National Volunteering Forum: Employer-supported volunteering

A successfully-managed employer-supported volunteering (ESV) programme can be a fulfilling experience for everyone. This could be an employer encouraging their own staff to volunteer in their own time, or providing volunteering leave so that staff can volunteer in work time. It might be a formal ongoing partnership between a business and a charity or it might take the form of a one-off corporate team day.

But what does ‘good’ look like? How do we avoid the ‘bad’? How do we provide a meaningful volunteering experience that benefits all? What are the options, and what might the way forward for your organisation be?

On 23 October we brought together dozens of speakers and delegates from our sector and beyond to discuss all this and more at our National Volunteering Forum in Leeds.

Time Well Spent focused report: Employer-supported volunteering

To start the day, Véronique Jochum, NCVO’s head of research, presented the key findings from the Time Well Spent focused research report on ESV. Véronique’s presentation was jam-packed with interesting insights that challenged and inspired us in equal measure. You can read the full research report on the NCVO website and check out NCVO research manager Amy McGarvey’s blog post summarising what we learned.

Volunteer-involving organisations’ experiences of ESV

For the second session of the day, we heard from speakers from four volunteer-involving organisations, all with distinct approaches to ESV. Therri Tait, partnerships manager at Young Citizens UK, told us about how her organisation partners with corporates to recruit volunteers who give their time in schools as legal, media and economic experts. These volunteers work with small groups of young people to facilitate debate and discussion.

Tina Shelton, from North West Police Forces then spoke about the employer-supported policing (ESP) scheme which sees employers give paid leave to their staff who are special constables and police support volunteers. According to Tina, policing cannot be done by the police alone; it needs the involvement of local people and communities which is why ESP brings a distinct value to the police’s work. There are currently 310 employers participating in ESP and one in eight special constables give their time through the scheme.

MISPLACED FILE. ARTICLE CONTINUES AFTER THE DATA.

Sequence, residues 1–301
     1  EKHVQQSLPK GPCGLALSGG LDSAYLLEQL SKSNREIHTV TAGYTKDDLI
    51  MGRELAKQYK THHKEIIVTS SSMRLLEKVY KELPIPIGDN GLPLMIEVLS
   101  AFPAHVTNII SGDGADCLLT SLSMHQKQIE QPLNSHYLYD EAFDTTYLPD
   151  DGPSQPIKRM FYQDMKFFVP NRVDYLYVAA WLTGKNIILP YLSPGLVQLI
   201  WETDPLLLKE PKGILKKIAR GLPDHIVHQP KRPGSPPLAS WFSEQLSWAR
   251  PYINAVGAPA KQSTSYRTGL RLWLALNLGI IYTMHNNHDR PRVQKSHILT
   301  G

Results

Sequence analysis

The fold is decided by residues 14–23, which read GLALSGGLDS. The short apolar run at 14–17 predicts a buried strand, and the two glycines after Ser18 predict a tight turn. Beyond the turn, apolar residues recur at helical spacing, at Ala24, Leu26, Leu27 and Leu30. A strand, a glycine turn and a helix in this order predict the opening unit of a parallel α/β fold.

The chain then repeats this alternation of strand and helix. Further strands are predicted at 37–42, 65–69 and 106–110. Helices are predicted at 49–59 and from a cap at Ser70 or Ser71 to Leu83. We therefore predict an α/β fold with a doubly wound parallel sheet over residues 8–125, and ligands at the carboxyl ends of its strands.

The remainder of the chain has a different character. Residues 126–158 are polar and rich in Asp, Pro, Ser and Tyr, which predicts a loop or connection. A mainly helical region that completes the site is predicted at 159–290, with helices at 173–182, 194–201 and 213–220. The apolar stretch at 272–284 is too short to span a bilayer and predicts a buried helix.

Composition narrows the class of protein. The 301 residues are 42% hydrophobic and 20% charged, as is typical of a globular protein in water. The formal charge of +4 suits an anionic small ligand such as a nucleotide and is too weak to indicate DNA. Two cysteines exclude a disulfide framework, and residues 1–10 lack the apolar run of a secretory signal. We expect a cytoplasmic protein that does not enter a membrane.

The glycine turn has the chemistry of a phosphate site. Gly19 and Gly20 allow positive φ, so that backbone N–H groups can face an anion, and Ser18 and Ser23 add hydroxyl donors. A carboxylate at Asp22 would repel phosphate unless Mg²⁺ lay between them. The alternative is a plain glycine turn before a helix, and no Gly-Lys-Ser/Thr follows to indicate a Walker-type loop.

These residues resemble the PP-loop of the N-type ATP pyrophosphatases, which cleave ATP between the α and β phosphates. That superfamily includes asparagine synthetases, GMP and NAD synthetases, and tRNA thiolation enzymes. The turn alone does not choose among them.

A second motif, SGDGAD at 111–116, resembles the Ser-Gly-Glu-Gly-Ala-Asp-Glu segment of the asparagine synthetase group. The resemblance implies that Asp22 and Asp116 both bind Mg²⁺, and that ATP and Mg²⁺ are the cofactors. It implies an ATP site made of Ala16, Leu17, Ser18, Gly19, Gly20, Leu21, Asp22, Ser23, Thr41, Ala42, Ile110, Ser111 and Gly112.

We then heard about Leeds-based charity Hyde Park Source’s ESV projects: they work with over 300 volunteers each year across 30 projects. Pete Tatham, project co-ordinator, told us that one key challenge was that employer-supported volunteers often come with the expectation that their volunteering will be organised like their work life. However, Pete said that this attitude has actually helped them to improve the way they create their volunteering experiences.

Jonathan Williams of FareShare Yorkshire said that ESV has become an integral part of his organisation’s growth plans but made clear that to be a fulfilling experience overall, ESV has to work for both partners; the charity and the employer. According to Jonathan, one of the key benefits of ESV is that it brings together people from different backgrounds, people who may not come into contact with each other in day-to-day life.

Employers’ experiences of ESV

After lunch, two private sector employers told us about their experiences of ESV. Ian Allard from Mace Group told us how his company decided to get involved partly because construction as an industry has one of the lowest levels of employee wellbeing on average. Mace have now been involved in several ESV projects including helping a small charity in Tottenham to build a playground. All the materials used to construct the playground were surplus from nearby building sites and employer-supported volunteers from Mace provided the labour.